by Will Boggs, MD

Last Updated: 2007-09-06 16:17:19 -0400 (Reuters Health)

NEW YORK (Reuters Health) – Subclinical sympathetic neuropathy develops early in the course of Crohn’s disease, investigators in Sweden report.

"We think that the sympathetic neuropathy may be evidence that inflammatory bowel disease is a general disease involving a great part of the body, and not only the bowel," Dr. Bodil Ohlsson from Lund University, Malmo, told Reuters Health.

Dr. Ohlsson and associates compared autonomic nerve function in controls and patients with short-duration Crohn’s disease at baseline and 7 years later to determine whether neuropathy is a concomitant manifestation of the disease or a complication that develops many years later.

Resting blood pressure did not differ between controls and patients with Crohn’s disease, but systolic blood pressure was significantly lower 8 minutes into the baseline orthostatic tilt table test in patients than in controls, the authors report in the August 14th issue of BMC Gastroenterology.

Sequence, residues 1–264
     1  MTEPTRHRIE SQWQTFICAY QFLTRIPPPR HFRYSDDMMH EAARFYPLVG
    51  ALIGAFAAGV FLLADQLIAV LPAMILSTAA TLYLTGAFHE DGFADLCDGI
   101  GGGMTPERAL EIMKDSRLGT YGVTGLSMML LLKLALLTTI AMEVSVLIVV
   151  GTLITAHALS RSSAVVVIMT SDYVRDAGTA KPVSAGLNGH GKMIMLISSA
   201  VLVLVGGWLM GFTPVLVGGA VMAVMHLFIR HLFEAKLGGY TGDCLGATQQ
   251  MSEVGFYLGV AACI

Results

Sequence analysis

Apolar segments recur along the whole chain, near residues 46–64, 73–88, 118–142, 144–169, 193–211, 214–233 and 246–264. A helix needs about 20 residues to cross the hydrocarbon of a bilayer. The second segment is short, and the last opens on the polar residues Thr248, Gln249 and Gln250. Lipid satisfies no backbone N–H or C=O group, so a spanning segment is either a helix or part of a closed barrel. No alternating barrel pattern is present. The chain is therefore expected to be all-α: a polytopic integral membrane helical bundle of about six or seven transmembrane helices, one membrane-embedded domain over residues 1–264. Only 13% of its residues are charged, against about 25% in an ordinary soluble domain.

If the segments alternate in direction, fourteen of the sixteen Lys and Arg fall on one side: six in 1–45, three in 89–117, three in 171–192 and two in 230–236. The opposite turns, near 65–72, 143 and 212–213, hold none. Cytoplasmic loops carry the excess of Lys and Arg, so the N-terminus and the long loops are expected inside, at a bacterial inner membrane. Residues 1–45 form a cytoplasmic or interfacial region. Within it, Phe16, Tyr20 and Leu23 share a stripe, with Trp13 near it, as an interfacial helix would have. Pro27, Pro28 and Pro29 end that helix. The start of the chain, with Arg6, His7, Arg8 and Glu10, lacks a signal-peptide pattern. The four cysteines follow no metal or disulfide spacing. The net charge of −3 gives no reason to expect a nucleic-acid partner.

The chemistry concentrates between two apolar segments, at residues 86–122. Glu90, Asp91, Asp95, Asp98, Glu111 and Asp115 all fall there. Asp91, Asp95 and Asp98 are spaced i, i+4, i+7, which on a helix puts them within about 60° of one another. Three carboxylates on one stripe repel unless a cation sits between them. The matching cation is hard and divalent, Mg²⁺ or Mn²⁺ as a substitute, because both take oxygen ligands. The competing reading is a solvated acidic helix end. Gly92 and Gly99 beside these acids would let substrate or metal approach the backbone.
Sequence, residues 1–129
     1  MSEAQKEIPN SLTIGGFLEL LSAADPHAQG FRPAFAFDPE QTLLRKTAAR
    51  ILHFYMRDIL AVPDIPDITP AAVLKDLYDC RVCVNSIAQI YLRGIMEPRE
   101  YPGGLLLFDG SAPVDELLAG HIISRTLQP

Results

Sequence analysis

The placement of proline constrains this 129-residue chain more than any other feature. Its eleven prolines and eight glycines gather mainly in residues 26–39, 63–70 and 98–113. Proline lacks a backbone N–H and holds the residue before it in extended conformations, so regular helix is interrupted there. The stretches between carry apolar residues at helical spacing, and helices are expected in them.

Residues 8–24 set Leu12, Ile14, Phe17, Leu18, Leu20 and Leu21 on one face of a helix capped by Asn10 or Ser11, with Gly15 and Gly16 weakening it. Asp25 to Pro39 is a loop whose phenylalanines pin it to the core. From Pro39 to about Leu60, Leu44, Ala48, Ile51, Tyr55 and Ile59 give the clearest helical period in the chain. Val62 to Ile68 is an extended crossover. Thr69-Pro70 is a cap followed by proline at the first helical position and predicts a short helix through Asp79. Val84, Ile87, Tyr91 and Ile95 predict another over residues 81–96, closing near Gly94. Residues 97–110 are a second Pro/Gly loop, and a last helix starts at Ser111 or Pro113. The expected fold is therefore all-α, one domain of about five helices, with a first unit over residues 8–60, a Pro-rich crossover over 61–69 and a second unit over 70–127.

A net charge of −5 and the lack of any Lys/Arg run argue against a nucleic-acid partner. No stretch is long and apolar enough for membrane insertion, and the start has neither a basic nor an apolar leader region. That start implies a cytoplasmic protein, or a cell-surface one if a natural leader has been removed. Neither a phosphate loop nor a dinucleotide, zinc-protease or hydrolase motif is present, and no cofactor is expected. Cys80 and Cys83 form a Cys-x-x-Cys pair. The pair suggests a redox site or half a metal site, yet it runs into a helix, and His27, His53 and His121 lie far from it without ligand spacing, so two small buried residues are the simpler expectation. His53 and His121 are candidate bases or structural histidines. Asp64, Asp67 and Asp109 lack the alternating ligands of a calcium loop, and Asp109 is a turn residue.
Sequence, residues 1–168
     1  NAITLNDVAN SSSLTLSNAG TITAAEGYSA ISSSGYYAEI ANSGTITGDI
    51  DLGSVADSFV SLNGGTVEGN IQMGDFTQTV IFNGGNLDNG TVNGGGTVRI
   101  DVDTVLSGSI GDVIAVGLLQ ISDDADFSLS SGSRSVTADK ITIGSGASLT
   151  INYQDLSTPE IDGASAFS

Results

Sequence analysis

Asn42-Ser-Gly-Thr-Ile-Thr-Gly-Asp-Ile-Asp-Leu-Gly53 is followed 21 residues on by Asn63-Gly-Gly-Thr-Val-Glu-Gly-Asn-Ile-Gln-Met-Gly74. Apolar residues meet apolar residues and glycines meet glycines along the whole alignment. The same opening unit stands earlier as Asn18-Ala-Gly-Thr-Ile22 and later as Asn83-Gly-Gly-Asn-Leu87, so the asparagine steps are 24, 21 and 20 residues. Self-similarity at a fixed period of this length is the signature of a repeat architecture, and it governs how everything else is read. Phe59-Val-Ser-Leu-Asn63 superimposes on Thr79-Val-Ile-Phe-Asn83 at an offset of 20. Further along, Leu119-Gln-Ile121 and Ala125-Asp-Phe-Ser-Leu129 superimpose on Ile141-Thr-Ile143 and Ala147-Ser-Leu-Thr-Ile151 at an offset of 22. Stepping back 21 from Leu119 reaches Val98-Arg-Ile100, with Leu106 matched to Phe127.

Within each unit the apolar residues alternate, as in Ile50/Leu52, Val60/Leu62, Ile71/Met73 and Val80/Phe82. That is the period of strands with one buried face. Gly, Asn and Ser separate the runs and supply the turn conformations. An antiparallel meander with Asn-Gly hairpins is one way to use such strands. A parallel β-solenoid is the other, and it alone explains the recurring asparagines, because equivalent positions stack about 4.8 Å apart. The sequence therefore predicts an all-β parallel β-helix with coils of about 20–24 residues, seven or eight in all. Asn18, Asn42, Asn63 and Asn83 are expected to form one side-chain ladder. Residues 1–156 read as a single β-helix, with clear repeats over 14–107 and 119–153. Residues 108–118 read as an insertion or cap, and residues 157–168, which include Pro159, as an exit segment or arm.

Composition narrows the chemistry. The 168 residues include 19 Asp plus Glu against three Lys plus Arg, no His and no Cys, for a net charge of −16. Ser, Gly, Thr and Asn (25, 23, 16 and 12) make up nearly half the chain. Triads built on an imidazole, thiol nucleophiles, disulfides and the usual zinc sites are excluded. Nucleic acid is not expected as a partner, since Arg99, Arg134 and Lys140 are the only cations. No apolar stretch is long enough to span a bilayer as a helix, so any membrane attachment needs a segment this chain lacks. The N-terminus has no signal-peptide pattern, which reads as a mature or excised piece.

At the 7-year assessment, the systolic blood pressure 1 minute into the orthostatic tilt table test tended to be lower in patients than in controls and after 8 minutes the difference remained significant.

These orthostatic blood pressure changes were not associated with frequent relapses, severe disease, or use of aggressive immune modulating drugs. There were no differences between Crohn’s disease patients and controls in the deep breathing test and laser Doppler perfusion imaging at baseline or at the second assessment 7 years later, the investigators report.

"We should be aware that patients with Crohn’s disease for many years may have clinical signs of autonomic neuropathy," Dr. Ohlsson said. "Further, we should be aware that these patients may have changes in the enteric nervous system explaining dysmotility in the absence of inflammatory relapse of the mucosa."

"Not all attacks of constipation or diarrhea are signs of inflammatory relapses, but can be signs of autonomic or enteric neuropathy," Dr. Ohlsson explained. "Thus, these changes ought not be treated by anti-inflammatory drugs."

BMC Gastroenterology 2007;7:33.